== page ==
Couples can file for divorce at any time as long as they meet the residency requirements. There is also no waiting period before the process can start – as long as both parties agree to get divorced.

How Is Community Property Divided When You File For Divorce In Illinois?

Illinois is not a community property state, meaning that assets are not split 50/50. Rather, it is an equitable distribution state.

This means that in a divorce, the court will divide property in a manner that is fair and just (or equitable) taking into account factors such as the length of the marriage, the contributions of each spouse to the acquisition and maintenance of the property, and the economic circumstances of each spouse.

In Illinois, property acquired during the marriage by either spouse is generally considered marital property subject to division. However, property acquired by gift, inheritance, or descent is not considered marital property and is therefore exempt from division.

How Much Does Filing For Divorce Cost In Illinois?

The cost of divorce in Illinois varies widely depending on various factors, such as the complexity of the case and whether you hire an attorney or not.

At Divorce Bob, we give you everything you need starting from $99, and all within 2 business days.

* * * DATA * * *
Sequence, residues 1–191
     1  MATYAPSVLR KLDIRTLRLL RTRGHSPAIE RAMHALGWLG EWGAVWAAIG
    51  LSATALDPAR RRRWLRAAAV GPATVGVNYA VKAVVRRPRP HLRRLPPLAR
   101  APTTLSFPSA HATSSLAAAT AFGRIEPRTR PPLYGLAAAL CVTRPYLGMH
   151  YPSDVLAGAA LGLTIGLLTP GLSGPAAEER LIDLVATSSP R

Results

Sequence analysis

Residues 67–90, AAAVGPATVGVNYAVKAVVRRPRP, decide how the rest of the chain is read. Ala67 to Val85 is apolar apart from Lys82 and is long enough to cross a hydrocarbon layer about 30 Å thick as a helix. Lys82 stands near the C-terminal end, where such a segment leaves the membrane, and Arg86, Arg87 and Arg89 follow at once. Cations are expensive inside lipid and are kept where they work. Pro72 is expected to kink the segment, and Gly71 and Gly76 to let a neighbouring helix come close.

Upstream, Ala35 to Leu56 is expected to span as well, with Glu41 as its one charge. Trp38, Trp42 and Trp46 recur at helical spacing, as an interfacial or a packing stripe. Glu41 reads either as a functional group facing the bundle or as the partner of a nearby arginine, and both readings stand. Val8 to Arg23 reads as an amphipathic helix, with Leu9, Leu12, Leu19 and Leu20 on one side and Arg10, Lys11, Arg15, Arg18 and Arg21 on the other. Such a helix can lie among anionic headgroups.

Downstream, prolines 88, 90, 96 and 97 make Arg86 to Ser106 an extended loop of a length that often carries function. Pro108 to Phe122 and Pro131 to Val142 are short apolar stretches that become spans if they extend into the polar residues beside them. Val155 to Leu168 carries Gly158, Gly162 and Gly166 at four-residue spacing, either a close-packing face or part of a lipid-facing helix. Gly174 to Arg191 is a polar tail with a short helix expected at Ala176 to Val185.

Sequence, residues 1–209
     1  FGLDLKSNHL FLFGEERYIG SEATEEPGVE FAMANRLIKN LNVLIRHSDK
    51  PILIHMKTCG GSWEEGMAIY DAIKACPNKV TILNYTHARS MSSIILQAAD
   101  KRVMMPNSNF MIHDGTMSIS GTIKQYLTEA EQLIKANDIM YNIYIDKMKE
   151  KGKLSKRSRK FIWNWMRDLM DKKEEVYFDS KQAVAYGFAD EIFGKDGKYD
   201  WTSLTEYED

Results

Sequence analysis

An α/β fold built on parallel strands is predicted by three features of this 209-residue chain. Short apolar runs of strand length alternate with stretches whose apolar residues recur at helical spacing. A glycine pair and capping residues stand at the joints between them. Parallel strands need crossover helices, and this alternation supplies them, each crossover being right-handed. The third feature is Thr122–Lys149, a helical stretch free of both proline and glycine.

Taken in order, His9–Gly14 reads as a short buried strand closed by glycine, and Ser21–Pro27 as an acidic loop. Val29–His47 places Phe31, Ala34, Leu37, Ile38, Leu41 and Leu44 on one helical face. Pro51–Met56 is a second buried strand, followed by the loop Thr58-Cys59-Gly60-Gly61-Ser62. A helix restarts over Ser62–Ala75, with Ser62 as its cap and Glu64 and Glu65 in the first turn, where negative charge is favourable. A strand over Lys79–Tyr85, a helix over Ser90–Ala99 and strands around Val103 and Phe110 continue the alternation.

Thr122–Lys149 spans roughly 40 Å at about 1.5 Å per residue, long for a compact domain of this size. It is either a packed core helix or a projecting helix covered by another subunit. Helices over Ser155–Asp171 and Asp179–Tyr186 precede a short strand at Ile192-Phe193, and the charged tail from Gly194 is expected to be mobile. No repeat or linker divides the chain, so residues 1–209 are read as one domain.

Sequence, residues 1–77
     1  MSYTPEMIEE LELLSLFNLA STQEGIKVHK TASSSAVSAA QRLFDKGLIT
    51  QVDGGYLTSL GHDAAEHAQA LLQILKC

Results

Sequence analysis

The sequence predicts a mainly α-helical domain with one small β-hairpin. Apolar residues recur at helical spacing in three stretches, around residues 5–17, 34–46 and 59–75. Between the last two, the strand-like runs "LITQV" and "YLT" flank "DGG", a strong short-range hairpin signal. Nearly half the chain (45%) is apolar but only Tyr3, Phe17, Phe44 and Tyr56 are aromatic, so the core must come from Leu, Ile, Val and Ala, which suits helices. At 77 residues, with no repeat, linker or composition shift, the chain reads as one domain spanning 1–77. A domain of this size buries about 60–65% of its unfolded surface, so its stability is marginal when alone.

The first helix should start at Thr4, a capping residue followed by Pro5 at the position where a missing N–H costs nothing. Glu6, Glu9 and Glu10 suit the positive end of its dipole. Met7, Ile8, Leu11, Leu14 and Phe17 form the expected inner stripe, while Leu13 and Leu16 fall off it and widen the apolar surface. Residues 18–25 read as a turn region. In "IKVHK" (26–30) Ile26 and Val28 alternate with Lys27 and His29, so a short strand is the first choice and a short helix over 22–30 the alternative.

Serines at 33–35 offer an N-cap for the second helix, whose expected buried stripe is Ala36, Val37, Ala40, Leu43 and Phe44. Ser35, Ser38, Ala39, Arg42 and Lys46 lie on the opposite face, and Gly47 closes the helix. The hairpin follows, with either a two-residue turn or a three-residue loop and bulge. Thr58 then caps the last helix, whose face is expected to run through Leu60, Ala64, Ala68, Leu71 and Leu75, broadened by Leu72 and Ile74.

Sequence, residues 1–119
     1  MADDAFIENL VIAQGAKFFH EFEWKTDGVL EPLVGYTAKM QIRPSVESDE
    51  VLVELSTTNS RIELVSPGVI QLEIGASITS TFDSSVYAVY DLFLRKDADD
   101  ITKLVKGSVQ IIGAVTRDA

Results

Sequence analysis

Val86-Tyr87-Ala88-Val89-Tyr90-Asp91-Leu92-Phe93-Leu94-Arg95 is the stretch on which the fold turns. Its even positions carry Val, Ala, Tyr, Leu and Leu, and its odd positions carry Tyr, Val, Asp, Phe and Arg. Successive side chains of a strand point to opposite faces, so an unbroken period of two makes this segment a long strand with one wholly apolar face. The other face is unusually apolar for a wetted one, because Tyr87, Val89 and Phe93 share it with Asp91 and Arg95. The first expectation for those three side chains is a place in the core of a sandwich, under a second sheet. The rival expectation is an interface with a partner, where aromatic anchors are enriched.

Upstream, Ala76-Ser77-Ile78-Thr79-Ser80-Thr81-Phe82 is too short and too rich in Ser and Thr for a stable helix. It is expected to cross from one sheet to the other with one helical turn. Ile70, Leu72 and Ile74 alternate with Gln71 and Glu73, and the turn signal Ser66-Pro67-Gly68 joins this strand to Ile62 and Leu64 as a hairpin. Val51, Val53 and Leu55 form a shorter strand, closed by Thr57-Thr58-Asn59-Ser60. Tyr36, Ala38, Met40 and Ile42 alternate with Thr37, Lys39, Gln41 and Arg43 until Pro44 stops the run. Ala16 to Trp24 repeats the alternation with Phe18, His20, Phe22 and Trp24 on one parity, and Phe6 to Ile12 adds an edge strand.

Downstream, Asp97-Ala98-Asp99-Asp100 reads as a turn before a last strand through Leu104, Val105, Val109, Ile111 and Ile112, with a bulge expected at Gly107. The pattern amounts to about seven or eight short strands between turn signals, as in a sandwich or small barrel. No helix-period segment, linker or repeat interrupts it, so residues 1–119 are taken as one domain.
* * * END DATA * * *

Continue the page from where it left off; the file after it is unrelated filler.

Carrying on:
The filing fee for a divorce in Illinois is the one cost you can’t escape, and varies from county to county, but is usually around $200 – $400. If you can’t afford the fee, you can ask the court to waive it at their own discretion.

However, if you hire an attorney, the cost for an uncontested divorce can range anywhere from $1,500 to $15,000 or more.

Other expenses may include extra court fees, mediation costs, and any necessary appraisals or evaluations. Overall, the average cost of divorce in Illinois typically ranges from $10,000 to $20,000.

How Long Will It Take To File For Divorced In Illinois?

The timeline for completing a divorce in Illinois can vary based on factors such as the complexity of the case and the cooperation of both parties.

An uncontested divorce takes significantly less time, and can be finalized in as little as 2 months. However, for contested divorces, it could take several months to over a year to finalize a divorce in Illinois.

How Is Child Custody Decided In Illinois?

In Illinois, child custody is determined based on the best interests of the child. In general, Illinois courts recognize legal custody and physical custody.

Legal custody refers to the right to make decisions about the child’s upbringing, such as education, religion, and medical care. Physical custody, on the other hand, refers to where the child will live.

When deciding who will be the primary decision-maker, the court considers various factors. These include the child’s wishes, their relationship with each parent, the financial and mental w of the parents and any issues around violence or abuse.

If there is evidence that one parent is unfit, or if joint custody is not in the child’s best interests, the court may award sole custody to one parent. The court may also order visitationell-being rights for the non-custodial parent.